San Bernardino Exits Bankruptcy

City of San Bernardino Exits Bankruptcy in Strong Financial Position
Posted on Sep 12, 2022
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City of San Bernardino Exits Bankruptcy in Strong Financial Position

On September 8th, U.S. Bankruptcy Judge Scott C. Clarkson issued an order discharging the City of San Bernardino’s bankruptcy case, bringing an end to a process that began over ten years ago.

"What exciting news and a moment for San Bernardino residents collectively to celebrate,” said Mayor John Valdivia. “The closure of this chapter in our city's history - the grueling and deep cuts we all experienced are in the rearview mirror of San Bernardino's history. I wish to express my gratitude to our community along with the businesses who have stood fast with our city.”

San Bernardino exits bankruptcy in a strong financial position. The City has cash reserves exceeding $40 million and a projected budget surplus of $2.5 million this fiscal year. The cash reserves represent 25% of the general fund budget, a threshold indicating financial stability for a city government. When San Bernardino entered bankruptcy in 2012, the city had a cash deficit of $18.2 million and a projected $45.8 million budget deficit.

“Our city is now pivoting to successfully re-establish and expand core services to our taxpayers and business community,” added Mayor Valdivia. “The council is focused on thoughtful and focused priorities to enhance these services and I want to commend these council members on this great win for our city.” 

In recent months, the City has been allocating resources to repave streets, trim trees, and renovate parks and senior centers. This year alone, work has been completed or is underway to improve segments of 53 streets across the City as well as a 27-block segment of Sierra Way. Additional construction projects will soon commence on improvements along a two-mile segment of Pepper Avenue and the long-awaited extension of State Street.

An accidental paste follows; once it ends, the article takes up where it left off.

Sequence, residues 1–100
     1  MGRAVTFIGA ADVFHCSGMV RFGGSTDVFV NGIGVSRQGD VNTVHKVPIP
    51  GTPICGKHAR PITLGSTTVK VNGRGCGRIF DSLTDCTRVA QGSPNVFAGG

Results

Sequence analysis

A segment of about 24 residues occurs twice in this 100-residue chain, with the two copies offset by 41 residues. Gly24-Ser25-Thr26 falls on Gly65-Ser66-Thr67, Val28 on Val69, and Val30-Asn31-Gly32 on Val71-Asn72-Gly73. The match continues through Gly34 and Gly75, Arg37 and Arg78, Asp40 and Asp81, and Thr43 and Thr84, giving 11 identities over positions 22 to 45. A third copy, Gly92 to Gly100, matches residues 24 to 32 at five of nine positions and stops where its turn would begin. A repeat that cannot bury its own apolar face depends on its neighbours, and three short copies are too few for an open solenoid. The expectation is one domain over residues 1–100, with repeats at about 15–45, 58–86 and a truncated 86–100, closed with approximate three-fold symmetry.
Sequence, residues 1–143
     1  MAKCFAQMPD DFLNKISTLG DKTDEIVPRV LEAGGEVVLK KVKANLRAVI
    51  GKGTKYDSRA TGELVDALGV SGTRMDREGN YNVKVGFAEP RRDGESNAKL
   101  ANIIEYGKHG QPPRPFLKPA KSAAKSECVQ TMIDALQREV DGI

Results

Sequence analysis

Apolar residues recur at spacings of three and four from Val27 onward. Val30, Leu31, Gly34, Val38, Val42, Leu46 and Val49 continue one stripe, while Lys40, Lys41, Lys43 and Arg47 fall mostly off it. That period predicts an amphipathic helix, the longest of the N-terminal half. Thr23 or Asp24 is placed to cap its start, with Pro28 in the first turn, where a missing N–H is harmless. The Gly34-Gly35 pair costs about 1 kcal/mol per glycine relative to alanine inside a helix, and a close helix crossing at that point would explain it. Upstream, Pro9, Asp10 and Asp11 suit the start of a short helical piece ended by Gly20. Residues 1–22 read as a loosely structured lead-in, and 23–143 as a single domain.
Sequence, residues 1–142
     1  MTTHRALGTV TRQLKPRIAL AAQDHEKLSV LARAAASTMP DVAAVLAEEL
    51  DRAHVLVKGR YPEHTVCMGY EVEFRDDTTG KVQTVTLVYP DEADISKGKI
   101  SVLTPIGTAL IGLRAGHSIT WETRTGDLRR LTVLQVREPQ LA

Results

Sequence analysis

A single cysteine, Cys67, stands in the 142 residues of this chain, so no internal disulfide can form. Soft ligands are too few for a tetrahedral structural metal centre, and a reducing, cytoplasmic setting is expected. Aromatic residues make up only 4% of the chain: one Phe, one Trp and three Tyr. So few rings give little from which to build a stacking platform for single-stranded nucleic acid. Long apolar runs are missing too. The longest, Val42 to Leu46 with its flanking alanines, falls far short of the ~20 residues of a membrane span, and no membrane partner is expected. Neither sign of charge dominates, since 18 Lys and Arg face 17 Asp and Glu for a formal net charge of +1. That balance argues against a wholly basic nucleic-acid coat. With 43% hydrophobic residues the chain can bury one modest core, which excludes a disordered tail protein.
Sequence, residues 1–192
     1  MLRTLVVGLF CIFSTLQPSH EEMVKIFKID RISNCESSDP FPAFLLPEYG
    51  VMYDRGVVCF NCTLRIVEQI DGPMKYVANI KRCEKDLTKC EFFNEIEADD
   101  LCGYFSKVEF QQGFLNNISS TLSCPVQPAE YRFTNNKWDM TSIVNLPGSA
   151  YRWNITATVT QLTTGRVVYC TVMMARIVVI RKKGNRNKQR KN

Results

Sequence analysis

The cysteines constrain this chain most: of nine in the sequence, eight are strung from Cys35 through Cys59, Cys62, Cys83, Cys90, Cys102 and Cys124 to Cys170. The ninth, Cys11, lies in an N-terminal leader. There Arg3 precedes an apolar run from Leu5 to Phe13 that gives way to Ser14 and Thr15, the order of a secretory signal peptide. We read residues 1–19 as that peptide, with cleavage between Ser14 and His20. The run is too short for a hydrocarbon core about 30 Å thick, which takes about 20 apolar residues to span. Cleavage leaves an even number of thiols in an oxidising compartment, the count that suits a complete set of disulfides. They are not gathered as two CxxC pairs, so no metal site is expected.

“Projects that for many years were deferred are now happening,” said City Manager Robert Field. “Residents are noticing a difference.”

San Bernardino has also been strategically hiring needed staff, including police officers and code enforcement officers. The city recently added a housing and homelessness team to work on issues related to the city’s unhoused population, and a grants team to identify, seek, and manage external funding.

“The real unsung heroes throughout this process were the residents of San Bernardino, added Field. “In a time of crisis, they stepped up by approving a major structural re-organization of our city government along with a local sales tax measure. The importance of those votes cannot be overstated.”

In 2016, San Bernardino voters approved an overhaul to the City’s Charter, changing the organizational structure to a council-city manager form of government. In 2020, voters also approved a local 1% sales tax measure, which has helped provide revenue stability not seen in San Bernardino in many years.

Facing a dire liquidity crisis, having no funds in its General Fund (its unrestricted operating fund) or other reserves, and with no ability to access short-term credit markets, San Bernardino filed for Chapter 9 bankruptcy protection on August 1, 2012. At the time, it was the third largest municipal bankruptcy in U.S. history.

In February of 2017, the City’s Plan of Adjustment was approved by the Bankruptcy Court. The Plan set a course of action to pay or settle with creditors and ultimately allow San Bernardino to return to normal operations.

When the Plan of Adjustment was approved, there were over a thousand claims and approximately two hundred lawsuits against the City. To close the bankruptcy case, it was necessary for San Bernardino to resolve the claims and lawsuits through the claims process, contested matters, adversary proceedings and mediations in the bankruptcy case.

San Bernardino was able to show the Court that it had taken all actions required in the Plan of Adjustment, had made all required payments to date under the Plan, and would be able to continue to pay its remaining long-term obligations. Having met the terms of the Plan, the Court approved the City’s motion to discharge the bankruptcy.

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